WHY PRAISE A CENSOR?

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Benetton's European advertising-if you can call it that-is certainly controversial. The Italian clothing marketer's ads, offering such images as a dying AIDS patient, a bloody uniform from Croatia and a war cemetery, have even led some German outlets to rebel; they claim the ads hurt business. But a French court has gone way too far in granting $9,600 damages to each of three AIDS patients who sued Benetton, saying its posters showing body parts with "HIV positive" tattooed on them were offensive to them.

The Paris Tribunal de Grande Instance, the country's highest civil court, said the ads allowed people with AIDS to be "exploited in a provocative manner," and found the company had launched "an ambiguous ad campaign outside the domain of commercial activities." Well, that's not the point. If everyone had to prove each ad sold something, half of Madison Ave. would be in jail.

An ad is a public statement, that's all. Advertisers often turn their space over to a public issue, or to honor a public figure, or to promote a worthy cause. Many do so with the hope they will improve their image with consumers. Benetton, in the German case, cites favorable reaction from people who applaud its public spirit (and who, presumably, are therefore more disposed to shop at Benetton).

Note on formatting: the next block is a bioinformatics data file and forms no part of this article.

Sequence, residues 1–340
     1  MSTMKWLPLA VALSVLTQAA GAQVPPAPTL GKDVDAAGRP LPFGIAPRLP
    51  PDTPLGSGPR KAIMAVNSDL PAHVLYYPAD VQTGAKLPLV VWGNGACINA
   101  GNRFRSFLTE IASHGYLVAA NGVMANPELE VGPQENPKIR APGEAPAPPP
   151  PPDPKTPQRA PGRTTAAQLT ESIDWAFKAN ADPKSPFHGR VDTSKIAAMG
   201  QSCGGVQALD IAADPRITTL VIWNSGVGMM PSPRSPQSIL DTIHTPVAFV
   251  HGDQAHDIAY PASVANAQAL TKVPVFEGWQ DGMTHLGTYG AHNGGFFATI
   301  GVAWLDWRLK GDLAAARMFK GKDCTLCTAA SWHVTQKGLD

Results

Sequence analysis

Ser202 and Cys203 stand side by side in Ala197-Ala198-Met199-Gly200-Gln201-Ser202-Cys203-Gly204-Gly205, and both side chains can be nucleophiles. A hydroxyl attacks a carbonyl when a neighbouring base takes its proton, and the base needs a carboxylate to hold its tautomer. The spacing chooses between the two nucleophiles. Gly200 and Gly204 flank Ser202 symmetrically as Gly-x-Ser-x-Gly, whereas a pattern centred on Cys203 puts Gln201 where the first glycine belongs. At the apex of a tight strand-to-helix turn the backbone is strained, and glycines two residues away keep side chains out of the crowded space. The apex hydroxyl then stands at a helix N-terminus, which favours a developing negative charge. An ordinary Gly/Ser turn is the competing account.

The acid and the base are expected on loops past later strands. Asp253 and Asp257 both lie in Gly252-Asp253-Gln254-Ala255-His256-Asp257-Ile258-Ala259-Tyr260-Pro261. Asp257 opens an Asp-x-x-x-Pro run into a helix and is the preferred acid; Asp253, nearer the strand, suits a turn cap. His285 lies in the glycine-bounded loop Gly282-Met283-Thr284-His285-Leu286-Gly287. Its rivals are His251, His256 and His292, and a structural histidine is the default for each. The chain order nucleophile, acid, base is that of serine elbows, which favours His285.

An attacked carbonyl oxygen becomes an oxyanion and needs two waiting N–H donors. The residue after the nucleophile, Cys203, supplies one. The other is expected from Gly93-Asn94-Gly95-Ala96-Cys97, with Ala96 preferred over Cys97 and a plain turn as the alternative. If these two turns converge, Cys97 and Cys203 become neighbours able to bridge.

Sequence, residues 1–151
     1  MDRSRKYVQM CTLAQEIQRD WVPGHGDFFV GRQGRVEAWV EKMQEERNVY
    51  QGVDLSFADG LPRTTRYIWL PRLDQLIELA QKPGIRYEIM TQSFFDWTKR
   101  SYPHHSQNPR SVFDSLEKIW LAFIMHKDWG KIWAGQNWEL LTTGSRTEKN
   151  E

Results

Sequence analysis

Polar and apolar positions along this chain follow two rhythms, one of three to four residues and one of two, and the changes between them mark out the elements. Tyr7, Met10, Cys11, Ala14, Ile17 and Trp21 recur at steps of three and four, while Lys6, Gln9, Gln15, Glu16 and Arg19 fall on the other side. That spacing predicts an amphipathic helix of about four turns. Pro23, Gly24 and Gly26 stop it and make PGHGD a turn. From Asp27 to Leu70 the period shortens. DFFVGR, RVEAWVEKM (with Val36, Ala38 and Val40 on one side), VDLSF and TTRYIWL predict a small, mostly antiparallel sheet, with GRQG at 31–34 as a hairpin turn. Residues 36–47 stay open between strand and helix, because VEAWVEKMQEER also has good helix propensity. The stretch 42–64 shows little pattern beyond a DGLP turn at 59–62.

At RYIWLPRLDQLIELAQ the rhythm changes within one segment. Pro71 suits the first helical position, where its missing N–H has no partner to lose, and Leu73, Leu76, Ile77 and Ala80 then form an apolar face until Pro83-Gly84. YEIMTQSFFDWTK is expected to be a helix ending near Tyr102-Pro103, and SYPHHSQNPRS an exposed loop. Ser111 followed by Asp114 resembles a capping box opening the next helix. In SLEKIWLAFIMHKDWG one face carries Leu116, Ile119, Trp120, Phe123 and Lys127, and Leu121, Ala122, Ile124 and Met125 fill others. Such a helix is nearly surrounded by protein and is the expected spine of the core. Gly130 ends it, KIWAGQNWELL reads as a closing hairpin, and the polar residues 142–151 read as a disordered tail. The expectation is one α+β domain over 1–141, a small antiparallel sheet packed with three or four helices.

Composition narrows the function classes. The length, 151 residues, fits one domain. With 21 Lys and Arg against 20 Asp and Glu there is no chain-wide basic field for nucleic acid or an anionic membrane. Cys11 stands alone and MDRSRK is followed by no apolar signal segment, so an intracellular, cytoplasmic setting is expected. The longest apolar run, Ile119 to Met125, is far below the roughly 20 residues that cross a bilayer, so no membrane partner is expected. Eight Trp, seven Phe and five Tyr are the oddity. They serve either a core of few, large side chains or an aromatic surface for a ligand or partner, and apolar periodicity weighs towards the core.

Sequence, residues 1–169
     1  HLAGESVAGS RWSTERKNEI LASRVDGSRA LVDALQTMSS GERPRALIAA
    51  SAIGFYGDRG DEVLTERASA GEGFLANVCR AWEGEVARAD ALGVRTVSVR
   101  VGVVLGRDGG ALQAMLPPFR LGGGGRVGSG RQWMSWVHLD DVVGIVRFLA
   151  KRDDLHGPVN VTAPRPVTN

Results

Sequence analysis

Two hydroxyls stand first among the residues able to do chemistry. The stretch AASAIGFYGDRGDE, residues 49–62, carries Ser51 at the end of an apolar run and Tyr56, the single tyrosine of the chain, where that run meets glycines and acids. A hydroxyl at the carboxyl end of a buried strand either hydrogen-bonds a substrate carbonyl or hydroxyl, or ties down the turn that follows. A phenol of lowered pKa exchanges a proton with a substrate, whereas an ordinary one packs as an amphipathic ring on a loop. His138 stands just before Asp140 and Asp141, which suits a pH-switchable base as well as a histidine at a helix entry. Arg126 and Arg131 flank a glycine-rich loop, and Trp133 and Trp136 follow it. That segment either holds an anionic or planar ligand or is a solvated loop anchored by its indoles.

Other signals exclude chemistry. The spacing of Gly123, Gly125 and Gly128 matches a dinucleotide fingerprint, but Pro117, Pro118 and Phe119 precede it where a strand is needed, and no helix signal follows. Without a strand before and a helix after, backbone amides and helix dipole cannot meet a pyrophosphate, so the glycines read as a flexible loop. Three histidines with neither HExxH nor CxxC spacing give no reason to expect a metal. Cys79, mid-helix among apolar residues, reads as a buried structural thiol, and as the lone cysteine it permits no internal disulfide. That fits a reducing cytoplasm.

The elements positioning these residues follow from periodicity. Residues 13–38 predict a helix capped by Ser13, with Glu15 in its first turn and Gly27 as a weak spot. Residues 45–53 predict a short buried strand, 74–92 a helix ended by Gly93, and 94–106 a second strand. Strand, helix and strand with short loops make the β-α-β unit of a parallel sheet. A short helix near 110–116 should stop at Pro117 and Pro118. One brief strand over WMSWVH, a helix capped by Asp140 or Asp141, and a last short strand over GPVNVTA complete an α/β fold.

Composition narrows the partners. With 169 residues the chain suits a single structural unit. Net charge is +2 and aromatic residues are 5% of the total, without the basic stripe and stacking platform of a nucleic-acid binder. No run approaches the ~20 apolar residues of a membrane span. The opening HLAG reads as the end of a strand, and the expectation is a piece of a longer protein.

Are their ads in bad taste? No doubt about it. A waste of money? Probably. But a punishable offense? No way. Perhaps France does not value freedom of speech as it is valued in the U.S. We get a hint of that in the shocking statement from Jacques Bille of the French Association of Advertising Agencies, who said of the court's decision, "This is very satisfying. Bad advertising has never caused any good to the advertising business, especially when it is against the rights of the people and the tastes of society. Provocation does not pay anymore." Mr. Bille added: "It is a good lesson for the advertising community. This is the end of a baneful period for the advertising world."

We think the baneful period for advertising will continue at least until Mr. Bille no longer makes such stupid statements on its behalf. The advertising industry doesn't need "lessons" from a court that has so little regard for freedom of speech.

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